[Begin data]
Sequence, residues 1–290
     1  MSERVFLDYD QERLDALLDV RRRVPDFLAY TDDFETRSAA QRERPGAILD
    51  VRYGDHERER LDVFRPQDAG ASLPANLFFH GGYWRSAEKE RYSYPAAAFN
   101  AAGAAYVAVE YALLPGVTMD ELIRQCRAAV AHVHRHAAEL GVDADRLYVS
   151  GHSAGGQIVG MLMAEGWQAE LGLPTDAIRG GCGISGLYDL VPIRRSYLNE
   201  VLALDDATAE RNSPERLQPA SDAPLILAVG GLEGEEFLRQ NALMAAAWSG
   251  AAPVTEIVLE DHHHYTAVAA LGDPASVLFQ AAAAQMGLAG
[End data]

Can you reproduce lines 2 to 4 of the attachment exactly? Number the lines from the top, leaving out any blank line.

     1  MSERVFLDYD QERLDALLDV RRRVPDFLAY TDDFETRSAA QRERPGAILD
    51  VRYGDHERER LDVFRPQDAG ASLPANLFFH GGYWRSAEKE RYSYPAAAFN
   101  AAGAAYVAVE YALLPGVTMD ELIRQCRAAV AHVHRHAAEL GVDADRLYVS